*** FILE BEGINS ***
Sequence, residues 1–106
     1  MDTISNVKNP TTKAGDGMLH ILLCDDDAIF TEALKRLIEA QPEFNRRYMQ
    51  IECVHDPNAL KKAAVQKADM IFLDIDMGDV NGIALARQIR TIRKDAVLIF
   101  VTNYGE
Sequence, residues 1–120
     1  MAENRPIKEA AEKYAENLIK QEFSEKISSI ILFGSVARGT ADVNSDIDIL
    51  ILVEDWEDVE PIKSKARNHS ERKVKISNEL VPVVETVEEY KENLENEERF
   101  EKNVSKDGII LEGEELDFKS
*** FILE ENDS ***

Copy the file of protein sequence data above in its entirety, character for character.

Sequence, residues 1–106
     1  MDTISNVKNP TTKAGDGMLH ILLCDDDAIF TEALKRLIEA QPEFNRRYMQ
    51  IECVHDPNAL KKAAVQKADM IFLDIDMGDV NGIALARQIR TIRKDAVLIF
   101  VTNYGE
Sequence, residues 1–120
     1  MAENRPIKEA AEKYAENLIK QEFSEKISSI ILFGSVARGT ADVNSDIDIL
    51  ILVEDWEDVE PIKSKARNHS ERKVKISNEL VPVVETVEEY KENLENEERF
   101  EKNVSKDGII LEGEELDFKS